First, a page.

Today, keeping fish alive for eventual consumption is a common fish-handling practice worldwide. To do so, fish are first conditioned in a container with clean water, while the damaged, sick and dead fish are removed. Fish are starved and, if possible, water temperature is lowered in order to reduce metabolic rates and make fish less active. Low metabolic rates decrease the fouling of water with ammonia, nitrite and carbon dioxide that are toxic to fish and impair their ability to extract oxygen from water.
Handling live fish
A large number of fish species are usually kept alive in holding basins, floating cages, wells and fish yards. Holding basins, normally associated with fish culture companies, can be equipped with oxygen control, water filtering and circulation and temperature control. Simpler methods are also used. For instance, large palm woven baskets act as floating cages in rivers (China) or simple fish yards are constructed in a river's backwater (South America). Also, the transportation of live fish ranges from very sophisticated systems installed on trucks that regulate temperature, filter and recycle water and add oxygen, to very simple artisanal systems of transporting fish in plastic bags with an atmosphere supersaturated with oxygen.
Handling dead fish
For dead fish, handling operations after capture are: transferring catch from gear to vessel, holding of catch before handling, sorting/grading, bleeding/gutting/washing, chilling, chilled storage, unloading. These operations can be performed in several ways, from manual methods to fully automated operations. The number of operations and the order in which they are performed depend on the fish species, the gear used, vessel size, duration of the voyage and the market to be supplied.
It is crucial to provide a continuous flow in handling and to avoid any accumulation of unchilled fish, thereby bringing the important time-temperature phase under complete control. It is also essential to improve working conditions onboard fishing vessels by eliminating those catch-handling procedures that cause physical strain and fatigue to fishers. Nowadays, this is possible in industrial fisheries because of equipment and handling procedures designed to eliminate heavy lifting, unsuitable working positions and rough handling of fish.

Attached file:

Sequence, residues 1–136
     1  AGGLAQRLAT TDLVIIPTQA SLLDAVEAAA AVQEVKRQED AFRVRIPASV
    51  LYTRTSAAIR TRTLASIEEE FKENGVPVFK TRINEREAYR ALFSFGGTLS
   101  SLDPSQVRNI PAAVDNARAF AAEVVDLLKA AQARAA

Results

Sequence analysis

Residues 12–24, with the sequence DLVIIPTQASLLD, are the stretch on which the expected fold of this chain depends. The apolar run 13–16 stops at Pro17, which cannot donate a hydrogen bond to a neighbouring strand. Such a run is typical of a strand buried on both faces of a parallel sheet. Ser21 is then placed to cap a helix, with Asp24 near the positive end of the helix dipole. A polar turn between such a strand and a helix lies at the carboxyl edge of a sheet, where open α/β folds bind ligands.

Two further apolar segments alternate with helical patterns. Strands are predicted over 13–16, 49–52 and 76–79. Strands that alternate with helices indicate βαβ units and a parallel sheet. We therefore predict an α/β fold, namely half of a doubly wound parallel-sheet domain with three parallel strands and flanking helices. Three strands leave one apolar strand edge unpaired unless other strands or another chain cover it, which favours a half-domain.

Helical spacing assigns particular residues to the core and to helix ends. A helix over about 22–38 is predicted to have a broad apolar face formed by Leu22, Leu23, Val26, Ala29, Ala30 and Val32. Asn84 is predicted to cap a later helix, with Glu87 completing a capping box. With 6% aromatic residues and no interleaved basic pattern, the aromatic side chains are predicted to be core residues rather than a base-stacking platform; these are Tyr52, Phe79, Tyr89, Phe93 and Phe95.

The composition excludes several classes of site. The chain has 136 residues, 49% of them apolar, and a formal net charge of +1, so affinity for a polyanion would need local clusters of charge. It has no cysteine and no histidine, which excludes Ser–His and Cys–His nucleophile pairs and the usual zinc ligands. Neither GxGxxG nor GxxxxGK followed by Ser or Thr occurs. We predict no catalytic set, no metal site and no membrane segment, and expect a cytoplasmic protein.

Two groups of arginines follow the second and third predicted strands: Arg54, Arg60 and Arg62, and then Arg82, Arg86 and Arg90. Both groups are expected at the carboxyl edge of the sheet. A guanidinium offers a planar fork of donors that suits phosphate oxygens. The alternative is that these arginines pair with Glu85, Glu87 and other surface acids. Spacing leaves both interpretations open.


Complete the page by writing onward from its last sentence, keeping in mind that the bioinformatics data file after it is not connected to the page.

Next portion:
Icing is the oldest method of preserving fish freshness. Currently, it is widely used thanks to mechanical refrigeration, which makes ice readily and cheaply available. In addition, ice keeps fish moist, has a large cooling capacity, is safe, is a portable cooling method that can be easily stored, transported and used by distributing it uniformly around fish. Ice can be produced in different shapes - the most commonly used to cool fish are flake, plate, tube and block. Block ice is crushed to chill fish.
For artisanal fisheries, FAO developed appropriate handling technologies to preserve fish freshness. The cost-effective use of ice on small boats, pirogues, canoes, etc. in tropical areas has only been possible through the introduction of insulated containers - especially in tropical, warm climates. These containers are designed and constructed locally, using natural or artificial insulating materials, with enough handling flexibility. Two very interesting cases are the introduction of insulated fish containers in the pirogue fleet of Senegal and onboard "navas" - the traditional fishing vessels of Kakinada in Andhra Pradesh, India. The Senegalese example has spread steadily to comparable fisheries in West Africa (Gambia, Guinea-Bissau and Guinea) that have adopted the use of similar insulated containers.
After landing, fish handling procedures are similar to those described above. They often include sorting/grading, gutting/washing, chilling, chilled storage, unloading. These operations can also be done manually or using fully-automated operations.